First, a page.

Metade Fumaca (1999)
Reviewed by: ewaffle on 2006-10-19
It is surprising that the director of “Lavender” was also able to make a film with lively characters in believable settings that the audience could care about but that what Riley Yip has done with “Metade Fumaca”. While doing so he managed to turn a few film conventions upside down—Mountain Leopard, well played by Eric Tsang, is insanely obsessed with a person who no longer exists. He is a coward, a liar and a cheat, has tried to commit murder and has stolen from his friends. Yet by the end of the movie we are moved by his plight and feel sorry for him.

Generally a filmmaker who uses Alzheimer’s disease or catastrophic memory loss as a theme will go out of his way to make the victim of the disease loveable—someone whose descent into the darkness we mourn. In this case Mountain Leopard has no redeeming characteristics at all. Even when he is telling the story of his flight from Hong Kong to Brazil, thirty year exile and subsequent return something seems a bit off in the telling. Later on we get the same story told from a more objective or at least more believable point of view. Where he was the hero Mountain Leopard is now the villain of the piece—and worse, until he does become the bad guy he is of no importance at all. That we are quick to believe the second version of the (seemingly) fatal encounter shows that the audience is not taken in by Mountain Leopard’s fantastic story.

Nicholas Tse is quite good as Smokey a young tough guy who we find out almost immediately is more than a little unhinged. Smokey, accompanied by a young woman, bursts into a second floor bookstore carrying a chopper. The woman identifies the clerk as someone who had molested her on the subway. Smokey slashes him with his chopper and he and the girl take off down the stairs where he literally runs into Mountain Leopard who is on his way to what he thinks is a massage parlor where his long ago triad enemy hangs out. Smokey drops his knife, Mountain Leopard drops his gun and they are both shocked to have encountered another armed hoodlum.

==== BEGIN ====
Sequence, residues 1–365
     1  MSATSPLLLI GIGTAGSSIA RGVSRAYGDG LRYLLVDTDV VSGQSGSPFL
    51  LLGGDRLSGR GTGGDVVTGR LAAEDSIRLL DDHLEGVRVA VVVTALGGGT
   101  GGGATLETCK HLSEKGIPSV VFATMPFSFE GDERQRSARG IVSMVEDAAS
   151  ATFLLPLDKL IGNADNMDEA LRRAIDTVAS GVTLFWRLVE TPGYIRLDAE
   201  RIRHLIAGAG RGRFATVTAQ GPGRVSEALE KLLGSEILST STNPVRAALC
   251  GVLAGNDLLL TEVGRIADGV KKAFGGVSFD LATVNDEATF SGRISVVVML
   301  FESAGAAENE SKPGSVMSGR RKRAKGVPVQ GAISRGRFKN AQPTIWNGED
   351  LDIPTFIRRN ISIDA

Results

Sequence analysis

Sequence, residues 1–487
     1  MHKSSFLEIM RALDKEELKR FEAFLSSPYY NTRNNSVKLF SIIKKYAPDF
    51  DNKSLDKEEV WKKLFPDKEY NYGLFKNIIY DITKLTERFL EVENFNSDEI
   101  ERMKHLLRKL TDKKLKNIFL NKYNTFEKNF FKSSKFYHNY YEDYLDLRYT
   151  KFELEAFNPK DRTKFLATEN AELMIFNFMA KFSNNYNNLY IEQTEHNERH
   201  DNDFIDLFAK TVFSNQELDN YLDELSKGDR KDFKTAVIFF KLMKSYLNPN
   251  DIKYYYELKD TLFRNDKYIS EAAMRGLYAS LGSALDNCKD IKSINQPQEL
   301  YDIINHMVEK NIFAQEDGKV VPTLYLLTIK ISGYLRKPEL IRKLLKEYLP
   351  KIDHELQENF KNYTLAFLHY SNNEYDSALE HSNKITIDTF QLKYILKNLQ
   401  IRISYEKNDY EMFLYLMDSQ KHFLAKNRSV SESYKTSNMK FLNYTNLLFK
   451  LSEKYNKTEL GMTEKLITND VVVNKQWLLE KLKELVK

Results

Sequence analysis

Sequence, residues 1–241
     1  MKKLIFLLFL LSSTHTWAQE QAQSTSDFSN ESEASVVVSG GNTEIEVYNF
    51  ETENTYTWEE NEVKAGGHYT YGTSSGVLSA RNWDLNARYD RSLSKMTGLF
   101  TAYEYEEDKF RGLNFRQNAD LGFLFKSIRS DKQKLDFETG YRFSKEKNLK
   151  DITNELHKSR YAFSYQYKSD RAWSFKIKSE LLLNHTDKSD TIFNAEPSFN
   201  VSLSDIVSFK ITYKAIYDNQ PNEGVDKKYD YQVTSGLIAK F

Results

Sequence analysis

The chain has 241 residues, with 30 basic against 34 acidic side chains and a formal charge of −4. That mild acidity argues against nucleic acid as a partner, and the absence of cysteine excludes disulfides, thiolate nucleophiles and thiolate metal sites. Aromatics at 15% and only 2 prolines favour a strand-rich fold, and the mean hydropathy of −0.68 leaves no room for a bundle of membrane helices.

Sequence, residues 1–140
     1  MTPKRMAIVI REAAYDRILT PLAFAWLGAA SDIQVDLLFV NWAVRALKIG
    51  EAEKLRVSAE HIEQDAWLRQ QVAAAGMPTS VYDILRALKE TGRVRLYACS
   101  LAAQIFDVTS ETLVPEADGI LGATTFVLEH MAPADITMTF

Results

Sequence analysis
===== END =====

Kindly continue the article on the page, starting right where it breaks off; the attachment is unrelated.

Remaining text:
Smokey’s mother is a former hooker who spends all of her time sitting in a doorway in the red light district looking at passing men, trying to recognize the customer who, eighteen years ago, conceived Smokey during a very quick assignation. She could be yet another colorfully deranged character but is underplayed to perfection by Elaine Kam.

Both Terence Yin and Anthony Wong have extended, two scene cameos and both look like they are having a lot of fun. Yin is Brother Chai, a loan shark and crew boss who is just back in town from Los Angeles. He slips from Cantonese to English when shouting threats and is dressed in really outlandish costumes. Wong is Brother Kei, a retired triad who spends his days in a restaurant spinning tales of past glories to an appreciative audience of other old triad guys and some very young up and comers. Brother Kei is the benevolent side of the Hong Kong gangs, a respected and no longer dangerous elder, the person that Brother Chai could be if he survives (doubtful) and that Mountain Leopard never would be.

Sandra Ng is Third Sister, a tough-as-nails triad boss who controls her territory with unrelenting and bloody vigor but who has a soft spot for cute and well read young men. Third Sister is the twinned opposite of Sap Saam Mooi, the gang leader so memorably impersonated by Ng in “Portland Street Blues”. Shu Qi, beautiful and smoldering, (as usual) and Kelly Chan, beautiful and glacial, (as usual) play gorgeous young women.

Mountain Leopard growing disassociation from everyday life is telegraphed in a number of ways. While none of them were particularly subtle I missed the first several—he forgot “kung fu” moves he had known for years, turned the wrong way on a familiar street and bungled some routine tasks. By the time that Yip pulls out the sledge hammer and starts pounding home the point we have already learned that Mountain Leopard’s entire life is built on a lie and that he has been nothing but a treacherous lout. It is a tribute to Yip’s writing and directing and to Tsang’s acting that we feel sorry for the wreck that was formerly Mountain Leopard.

The score is terrific—not sure of its source but it sounds Afro-Brazilian with a pop sheen. It doesn’t underline the action or even really accompany it but works well as a sparkling and bright counterpoint to the darkness and mendacity that is on the screen.
Reviewer Score: 7